Expansion plans for businesses postponed after attacks

Local businesses are feeling the effects of the current war on terrorism and as a result have begun to campaign, advertise and operate on different levels.

Brooke Vanderline, a marketing manager at Governor’s Square Mall explains the efforts of local retailers to maintain normal shopping levels.

“We believe a lot of our retailers will do some sort of clearance. Some may keep things on sale for the remainder of the year,” Vanderline told the Tallahassee Democrat.

David Renninger, general manager at Tallahassee Mall reported that tenants that had initial plans of opening up shop or expanding their stores have ceased or postponed their plans.

These changes in Tallahassee businesses can also be attributed to state budget cuts that may amount to $1.5 billion. These budget cuts could lead to a large number of layoffs in the state.

Although businesses seem to be targeting a skeptical consumer group, many students feel that everything is business as usual.

Kim Reese, 17, a business administration student from New Orleans said, “I just haven’t seen any immediate effects. The stores are still open, so I still go. The only personal experience I had was when I went to a Barnes and Noble book store and they couldn’t get the books I needed for two weeks.”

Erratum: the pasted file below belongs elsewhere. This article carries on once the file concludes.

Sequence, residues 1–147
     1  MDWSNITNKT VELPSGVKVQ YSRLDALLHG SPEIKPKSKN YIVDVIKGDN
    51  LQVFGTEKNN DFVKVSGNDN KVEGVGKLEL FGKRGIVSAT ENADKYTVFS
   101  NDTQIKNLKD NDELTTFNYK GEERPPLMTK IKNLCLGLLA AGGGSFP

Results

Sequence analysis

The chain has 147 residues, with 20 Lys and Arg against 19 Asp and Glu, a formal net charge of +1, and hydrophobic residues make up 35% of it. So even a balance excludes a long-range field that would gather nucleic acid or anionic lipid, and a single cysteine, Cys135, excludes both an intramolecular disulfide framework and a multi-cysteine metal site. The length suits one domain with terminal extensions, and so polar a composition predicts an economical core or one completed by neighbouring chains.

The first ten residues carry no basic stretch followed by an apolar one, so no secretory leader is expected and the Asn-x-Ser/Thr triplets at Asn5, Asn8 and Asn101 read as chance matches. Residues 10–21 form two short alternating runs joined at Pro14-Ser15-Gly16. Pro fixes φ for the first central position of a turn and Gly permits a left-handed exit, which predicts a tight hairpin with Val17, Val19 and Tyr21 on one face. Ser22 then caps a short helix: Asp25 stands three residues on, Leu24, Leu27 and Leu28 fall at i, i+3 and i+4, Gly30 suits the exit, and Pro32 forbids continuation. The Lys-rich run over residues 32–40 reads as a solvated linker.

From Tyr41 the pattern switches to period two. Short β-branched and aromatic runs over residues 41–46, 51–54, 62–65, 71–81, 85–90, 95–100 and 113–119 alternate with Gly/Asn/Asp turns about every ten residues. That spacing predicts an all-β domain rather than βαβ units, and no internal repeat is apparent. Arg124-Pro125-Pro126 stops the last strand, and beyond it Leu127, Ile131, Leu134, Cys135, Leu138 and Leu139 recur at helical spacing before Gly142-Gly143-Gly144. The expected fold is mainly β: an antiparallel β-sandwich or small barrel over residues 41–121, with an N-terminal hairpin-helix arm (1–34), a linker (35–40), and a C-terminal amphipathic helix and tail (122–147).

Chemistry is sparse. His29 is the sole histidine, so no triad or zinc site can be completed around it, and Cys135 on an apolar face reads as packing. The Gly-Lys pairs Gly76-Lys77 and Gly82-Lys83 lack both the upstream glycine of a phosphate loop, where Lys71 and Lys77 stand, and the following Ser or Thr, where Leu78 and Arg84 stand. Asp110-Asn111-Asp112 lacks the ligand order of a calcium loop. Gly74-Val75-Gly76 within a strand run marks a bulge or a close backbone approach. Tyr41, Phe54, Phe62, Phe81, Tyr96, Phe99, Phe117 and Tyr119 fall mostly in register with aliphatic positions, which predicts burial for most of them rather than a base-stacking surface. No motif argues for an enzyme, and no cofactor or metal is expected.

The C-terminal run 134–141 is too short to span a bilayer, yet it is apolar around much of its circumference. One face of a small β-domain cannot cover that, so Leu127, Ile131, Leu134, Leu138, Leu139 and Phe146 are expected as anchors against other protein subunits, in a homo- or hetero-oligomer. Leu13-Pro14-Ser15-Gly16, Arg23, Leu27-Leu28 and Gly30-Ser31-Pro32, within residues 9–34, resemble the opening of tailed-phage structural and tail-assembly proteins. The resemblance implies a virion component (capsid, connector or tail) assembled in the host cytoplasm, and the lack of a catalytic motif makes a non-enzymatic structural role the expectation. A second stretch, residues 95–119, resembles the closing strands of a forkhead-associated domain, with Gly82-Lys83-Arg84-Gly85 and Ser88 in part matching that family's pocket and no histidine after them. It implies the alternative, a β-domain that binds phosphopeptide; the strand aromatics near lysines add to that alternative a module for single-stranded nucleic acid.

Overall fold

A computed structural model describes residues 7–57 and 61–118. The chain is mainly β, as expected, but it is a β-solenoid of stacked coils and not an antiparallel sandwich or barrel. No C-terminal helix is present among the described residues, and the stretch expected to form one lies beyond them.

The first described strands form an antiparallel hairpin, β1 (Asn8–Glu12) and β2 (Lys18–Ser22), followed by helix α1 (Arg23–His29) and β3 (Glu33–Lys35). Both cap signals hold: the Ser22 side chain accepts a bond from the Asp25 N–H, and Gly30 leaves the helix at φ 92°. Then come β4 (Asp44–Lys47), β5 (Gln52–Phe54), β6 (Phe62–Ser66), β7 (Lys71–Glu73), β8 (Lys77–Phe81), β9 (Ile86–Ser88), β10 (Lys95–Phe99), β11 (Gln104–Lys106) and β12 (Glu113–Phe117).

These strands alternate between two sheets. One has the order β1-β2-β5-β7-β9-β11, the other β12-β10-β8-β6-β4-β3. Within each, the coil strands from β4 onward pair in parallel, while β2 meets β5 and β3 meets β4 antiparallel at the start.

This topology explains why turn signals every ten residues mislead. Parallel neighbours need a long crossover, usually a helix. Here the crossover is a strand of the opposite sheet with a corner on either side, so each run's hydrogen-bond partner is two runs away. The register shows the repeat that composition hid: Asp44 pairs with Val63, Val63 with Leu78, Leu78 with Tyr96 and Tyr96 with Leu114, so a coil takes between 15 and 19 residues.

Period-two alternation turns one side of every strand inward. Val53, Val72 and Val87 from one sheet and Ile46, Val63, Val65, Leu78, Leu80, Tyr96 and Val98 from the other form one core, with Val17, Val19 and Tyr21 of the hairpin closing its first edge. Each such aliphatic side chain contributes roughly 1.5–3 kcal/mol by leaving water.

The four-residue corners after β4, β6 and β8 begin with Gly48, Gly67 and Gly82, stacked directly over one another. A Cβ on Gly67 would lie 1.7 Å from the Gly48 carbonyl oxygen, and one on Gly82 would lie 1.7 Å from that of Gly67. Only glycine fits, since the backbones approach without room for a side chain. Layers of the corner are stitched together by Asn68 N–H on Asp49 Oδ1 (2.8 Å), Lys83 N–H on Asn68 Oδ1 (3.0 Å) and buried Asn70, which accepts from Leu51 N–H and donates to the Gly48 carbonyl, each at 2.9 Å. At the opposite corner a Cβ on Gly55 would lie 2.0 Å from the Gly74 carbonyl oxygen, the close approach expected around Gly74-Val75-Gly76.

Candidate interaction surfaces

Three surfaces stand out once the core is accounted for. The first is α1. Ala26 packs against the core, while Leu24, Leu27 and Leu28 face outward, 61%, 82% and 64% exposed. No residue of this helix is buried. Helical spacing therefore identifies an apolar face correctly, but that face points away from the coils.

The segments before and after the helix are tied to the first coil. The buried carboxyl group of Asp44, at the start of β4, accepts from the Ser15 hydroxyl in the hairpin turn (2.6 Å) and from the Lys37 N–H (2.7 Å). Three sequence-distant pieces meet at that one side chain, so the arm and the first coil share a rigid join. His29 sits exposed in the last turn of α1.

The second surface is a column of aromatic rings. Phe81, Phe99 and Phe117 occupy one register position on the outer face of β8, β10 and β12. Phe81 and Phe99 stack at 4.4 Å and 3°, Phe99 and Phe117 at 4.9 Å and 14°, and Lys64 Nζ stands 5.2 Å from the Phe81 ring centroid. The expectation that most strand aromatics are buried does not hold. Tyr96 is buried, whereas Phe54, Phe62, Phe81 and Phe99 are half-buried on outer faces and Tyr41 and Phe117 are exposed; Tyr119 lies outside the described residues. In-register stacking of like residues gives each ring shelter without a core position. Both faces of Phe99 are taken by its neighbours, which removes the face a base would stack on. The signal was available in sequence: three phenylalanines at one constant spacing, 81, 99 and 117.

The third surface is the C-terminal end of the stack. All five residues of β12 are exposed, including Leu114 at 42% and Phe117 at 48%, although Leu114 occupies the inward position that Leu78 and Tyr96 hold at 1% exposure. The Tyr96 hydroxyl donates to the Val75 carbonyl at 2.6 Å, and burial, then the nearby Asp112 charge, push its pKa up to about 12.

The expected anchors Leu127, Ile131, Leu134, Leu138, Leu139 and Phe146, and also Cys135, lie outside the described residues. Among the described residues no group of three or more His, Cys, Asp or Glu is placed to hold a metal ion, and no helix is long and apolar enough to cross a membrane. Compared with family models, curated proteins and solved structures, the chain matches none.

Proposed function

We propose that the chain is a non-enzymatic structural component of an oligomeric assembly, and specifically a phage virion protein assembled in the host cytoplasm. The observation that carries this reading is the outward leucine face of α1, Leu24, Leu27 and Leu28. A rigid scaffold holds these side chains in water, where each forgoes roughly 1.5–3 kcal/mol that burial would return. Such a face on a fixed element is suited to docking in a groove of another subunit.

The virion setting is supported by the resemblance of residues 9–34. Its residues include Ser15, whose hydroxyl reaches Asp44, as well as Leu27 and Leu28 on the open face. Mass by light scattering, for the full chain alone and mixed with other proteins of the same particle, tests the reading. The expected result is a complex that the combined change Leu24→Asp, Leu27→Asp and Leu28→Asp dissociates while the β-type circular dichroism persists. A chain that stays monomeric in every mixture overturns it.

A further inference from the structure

Farida Culbreath, 18, a freshman computer information systems student from Ocala agreed.

“The war on terrorism has not affected my shopping habits.”

In light of the terrorist attacks on Sept. 11, unemployment in Florida has reached its highest rate in 10 years. In a report released Sept. 28, the actual number of claims of unemployment was recorded at 19,534.

With this fact in mind, Catherine Urso, assistant manager at the Target store located on Apalachee Parkway is gearing up for an increase of applicants at her store.

Employees at Publix supermarkets, Best Buy, and other local businesses have found that United Way campaigning has increased as proceeds are raised for the victims of the Sept. 11 events.

These businesses have contributed approximately five to 15 percent more money to the United Way than they did last year.